TERRY BELTON: Well, I think — well, throw the gun, I mean, you're out of bullets. The only thing left to try to deal with it is whatever you can.

And tomorrow, I think what we're going to see from the Fed is not a QE3 announcement, but, in all likelihood, it's going to change its reinvestment program to really extend and lengthen the purchases out the curve in the treasury market. That will keep rates lower.

I think, on the fiscal side, what we need — and we have sort of missed the boat here — a little bit of the opposite of what we got. We need long-term reform. We need to deal with entitlements reform and tax reform. That lowers the deficit in the long run. But we actually need stimulus now.

We're almost getting the opposite. Coming in to next year, we're going to have quite a fiscal drag kick in as the 2011 tax cuts run off. That's going to hurt growth a lot next year.

JUDY WOODRUFF: Ken Rogoff, how do you see what needs to happen in the short term to turn this around, or do we just fasten our seat belts?

KENNETH ROGOFF: Well, I think, definitely, we need to see higher inflation. We don't need to see the Fed just talk about QE3, more bond buying, but QE3 for — they should announce that they're trying to hit significantly higher inflation.

They really have to move decisively. It was really half-baked and timid the first time they did it. I don't think they're out of bullets at all. I think it can be effective. But they need to do something. They need to do something about the mortgage debts. We have to find a plan. There are plans out there for writing down the mortgage debts.

And then finally, of course, there are lots of areas we could have so- called structural reforms. But let's start with getting rid of the debt ceiling, which is pretty depressing for global markets, thinking about that year after year.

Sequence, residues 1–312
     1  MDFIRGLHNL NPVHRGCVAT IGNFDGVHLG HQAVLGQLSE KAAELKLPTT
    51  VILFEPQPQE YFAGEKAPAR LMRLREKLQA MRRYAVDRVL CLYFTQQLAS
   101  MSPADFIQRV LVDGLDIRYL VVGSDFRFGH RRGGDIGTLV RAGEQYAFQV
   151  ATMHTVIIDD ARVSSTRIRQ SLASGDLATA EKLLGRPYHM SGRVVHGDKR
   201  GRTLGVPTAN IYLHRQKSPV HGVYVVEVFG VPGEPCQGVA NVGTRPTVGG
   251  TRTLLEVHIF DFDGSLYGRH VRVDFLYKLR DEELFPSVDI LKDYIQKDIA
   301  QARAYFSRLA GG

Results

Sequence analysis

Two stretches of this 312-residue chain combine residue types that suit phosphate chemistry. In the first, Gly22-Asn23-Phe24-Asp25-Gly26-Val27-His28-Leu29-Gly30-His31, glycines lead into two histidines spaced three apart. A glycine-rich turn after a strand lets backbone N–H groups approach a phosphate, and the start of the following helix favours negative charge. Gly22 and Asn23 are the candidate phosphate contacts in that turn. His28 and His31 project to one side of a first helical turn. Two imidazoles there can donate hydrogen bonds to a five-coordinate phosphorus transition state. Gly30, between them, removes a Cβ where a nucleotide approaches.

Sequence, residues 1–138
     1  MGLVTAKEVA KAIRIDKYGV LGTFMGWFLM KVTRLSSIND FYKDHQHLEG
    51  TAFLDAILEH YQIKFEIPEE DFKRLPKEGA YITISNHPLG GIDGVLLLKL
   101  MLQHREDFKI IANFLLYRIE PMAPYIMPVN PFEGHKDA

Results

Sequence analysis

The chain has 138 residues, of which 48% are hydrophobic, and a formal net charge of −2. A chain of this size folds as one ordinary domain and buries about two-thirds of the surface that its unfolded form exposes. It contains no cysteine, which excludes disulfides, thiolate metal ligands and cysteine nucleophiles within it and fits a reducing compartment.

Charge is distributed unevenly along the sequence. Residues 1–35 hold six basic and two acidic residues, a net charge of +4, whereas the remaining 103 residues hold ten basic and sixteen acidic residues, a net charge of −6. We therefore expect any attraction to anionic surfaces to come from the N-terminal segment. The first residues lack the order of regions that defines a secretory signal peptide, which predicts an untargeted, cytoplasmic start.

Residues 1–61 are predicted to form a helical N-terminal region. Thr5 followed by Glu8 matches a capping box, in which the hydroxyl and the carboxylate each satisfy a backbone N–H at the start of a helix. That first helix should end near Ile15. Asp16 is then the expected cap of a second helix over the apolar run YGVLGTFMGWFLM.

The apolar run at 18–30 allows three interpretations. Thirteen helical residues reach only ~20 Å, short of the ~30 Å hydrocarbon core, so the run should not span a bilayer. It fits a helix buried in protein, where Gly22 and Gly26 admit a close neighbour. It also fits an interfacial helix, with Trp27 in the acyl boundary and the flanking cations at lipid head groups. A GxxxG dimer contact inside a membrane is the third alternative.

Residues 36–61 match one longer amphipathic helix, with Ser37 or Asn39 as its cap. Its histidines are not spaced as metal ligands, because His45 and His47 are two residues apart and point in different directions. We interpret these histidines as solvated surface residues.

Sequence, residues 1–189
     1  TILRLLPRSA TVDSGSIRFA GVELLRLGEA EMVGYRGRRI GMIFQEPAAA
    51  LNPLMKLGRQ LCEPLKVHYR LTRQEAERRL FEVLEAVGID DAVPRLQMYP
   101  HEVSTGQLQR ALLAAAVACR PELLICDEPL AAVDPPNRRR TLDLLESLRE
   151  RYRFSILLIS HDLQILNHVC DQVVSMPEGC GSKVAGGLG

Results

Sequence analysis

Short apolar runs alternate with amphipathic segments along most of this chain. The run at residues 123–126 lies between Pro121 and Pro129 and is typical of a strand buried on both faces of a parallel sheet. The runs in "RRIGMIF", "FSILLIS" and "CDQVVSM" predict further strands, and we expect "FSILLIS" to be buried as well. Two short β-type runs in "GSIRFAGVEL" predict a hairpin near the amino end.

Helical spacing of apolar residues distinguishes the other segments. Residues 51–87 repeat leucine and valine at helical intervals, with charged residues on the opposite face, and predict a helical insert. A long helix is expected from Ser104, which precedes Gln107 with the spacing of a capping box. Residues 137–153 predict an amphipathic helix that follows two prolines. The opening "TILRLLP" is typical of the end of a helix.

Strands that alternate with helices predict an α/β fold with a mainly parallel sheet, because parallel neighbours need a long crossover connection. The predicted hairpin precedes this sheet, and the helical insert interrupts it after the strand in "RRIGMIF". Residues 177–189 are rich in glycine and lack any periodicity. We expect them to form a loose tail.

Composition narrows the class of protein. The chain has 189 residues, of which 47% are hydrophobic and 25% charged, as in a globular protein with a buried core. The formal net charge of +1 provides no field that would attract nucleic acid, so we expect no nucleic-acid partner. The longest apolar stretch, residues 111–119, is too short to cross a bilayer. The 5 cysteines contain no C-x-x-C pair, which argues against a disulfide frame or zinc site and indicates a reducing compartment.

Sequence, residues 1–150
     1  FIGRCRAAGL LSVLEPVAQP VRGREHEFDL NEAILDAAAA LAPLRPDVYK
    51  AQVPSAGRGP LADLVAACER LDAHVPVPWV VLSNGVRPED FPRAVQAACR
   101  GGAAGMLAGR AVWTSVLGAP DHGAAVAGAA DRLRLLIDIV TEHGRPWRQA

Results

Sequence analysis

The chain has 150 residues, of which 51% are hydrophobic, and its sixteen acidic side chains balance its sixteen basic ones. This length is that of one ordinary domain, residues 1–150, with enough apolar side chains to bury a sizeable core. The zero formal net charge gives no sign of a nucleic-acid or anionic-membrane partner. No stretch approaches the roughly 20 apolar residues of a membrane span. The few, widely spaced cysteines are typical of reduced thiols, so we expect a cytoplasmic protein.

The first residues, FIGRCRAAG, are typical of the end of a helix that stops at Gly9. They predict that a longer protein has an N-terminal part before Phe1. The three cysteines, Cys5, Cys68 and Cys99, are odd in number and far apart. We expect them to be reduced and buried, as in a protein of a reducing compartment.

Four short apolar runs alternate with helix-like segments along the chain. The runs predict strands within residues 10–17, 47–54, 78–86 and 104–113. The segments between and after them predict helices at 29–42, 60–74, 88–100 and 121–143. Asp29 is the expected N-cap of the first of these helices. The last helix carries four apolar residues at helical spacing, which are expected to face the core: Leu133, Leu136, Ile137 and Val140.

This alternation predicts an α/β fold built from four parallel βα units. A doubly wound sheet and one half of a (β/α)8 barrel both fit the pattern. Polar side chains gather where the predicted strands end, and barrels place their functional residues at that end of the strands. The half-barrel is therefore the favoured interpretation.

JUDY WOODRUFF: Paul Krugman, for ordinary Americans, what do they think about? How worried should they be as they go to sleep tonight?

PAUL KRUGMAN: Well, OK, I don't think we're about to see Great Depression two. But I do think we are really looking at a long period of weak performance.

There's a pretty good chance of a second leg to the recession, a double-dip. There's a very good chance that unemployment is still going to be nine percent or higher a year from now, two years from now. So what we're seeing now is the — you know, is — I have been calling it the lesser depression, a really long period of really poor performance.

If you're unemployed now, I really feel for you because your chance of getting reemployed is very low. And so this is — this is depressing. And we need somebody to stand up — in a way that the president didn't, by the way, this afternoon — and say, we are on the wrong track. We are not — we are not dealing with the problem at hand and at least to call out the people who are standing in the way of doing the right things.

JUDY WOODRUFF: Terry Belton, just quickly, what should Americans, ordinary Americans, be thinking at this point about the future?

TERRY BELTON: Well, I think — I mean, it's not all doom and gloom. I think there are some good signs. We're seeing a little bit of signs of recovery in the labor market. The unemployment rate is still obviously very high, at — above nine percent.

But we are seeing for the first time this summer labor market gains. We have — jobless claims is down at the lowest level since April. Last month's payroll number was double what we had been getting the previous three months. Corporate profits are still good.

So we actually think we're — we're through the worst. We had abysmal growth in the first half. It will be a little bit better in the second half. But, still, it's just not enough.

JUDY WOODRUFF: And, very quickly, Ken Rogoff, a word on, what should people think tonight?

KENNETH ROGOFF: Well, there's no two ways about it. It's a scary moment. And I think again this absence of credibility, no one to stand up and take charge, I would like to see it start with the central banks both in Europe and the United States moving decisively to make monetary conditions easier.

That may sound like heresy, but I really think it's a time for outside-the-box thinking.


Ken Rogoff, Paul Krugman, Terry Belton, gentlemen, we thank you, all three, for joining us.

TERRY BELTON: Thank you.